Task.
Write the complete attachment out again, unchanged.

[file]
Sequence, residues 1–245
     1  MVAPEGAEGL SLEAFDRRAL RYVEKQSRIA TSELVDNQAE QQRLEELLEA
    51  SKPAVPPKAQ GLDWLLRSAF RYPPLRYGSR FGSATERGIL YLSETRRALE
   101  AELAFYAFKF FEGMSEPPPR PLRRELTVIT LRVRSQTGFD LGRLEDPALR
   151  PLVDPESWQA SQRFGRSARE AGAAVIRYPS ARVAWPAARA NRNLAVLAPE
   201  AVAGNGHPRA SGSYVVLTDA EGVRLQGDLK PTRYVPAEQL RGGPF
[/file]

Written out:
Sequence, residues 1–245
     1  MVAPEGAEGL SLEAFDRRAL RYVEKQSRIA TSELVDNQAE QQRLEELLEA
    51  SKPAVPPKAQ GLDWLLRSAF RYPPLRYGSR FGSATERGIL YLSETRRALE
   101  AELAFYAFKF FEGMSEPPPR PLRRELTVIT LRVRSQTGFD LGRLEDPALR
   151  PLVDPESWQA SQRFGRSARE AGAAVIRYPS ARVAWPAARA NRNLAVLAPE
   201  AVAGNGHPRA SGSYVVLTDA EGVRLQGDLK PTRYVPAEQL RGGPF